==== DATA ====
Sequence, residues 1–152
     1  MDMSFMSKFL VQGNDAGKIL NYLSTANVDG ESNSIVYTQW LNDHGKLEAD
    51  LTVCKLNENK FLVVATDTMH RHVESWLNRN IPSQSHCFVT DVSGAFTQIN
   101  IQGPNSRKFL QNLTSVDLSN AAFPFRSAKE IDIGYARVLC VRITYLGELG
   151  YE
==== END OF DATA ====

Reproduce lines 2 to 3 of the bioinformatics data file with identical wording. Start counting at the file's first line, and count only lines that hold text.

     1  MDMSFMSKFL VQGNDAGKIL NYLSTANVDG ESNSIVYTQW LNDHGKLEAD
    51  LTVCKLNENK FLVVATDTMH RHVESWLNRN IPSQSHCFVT DVSGAFTQIN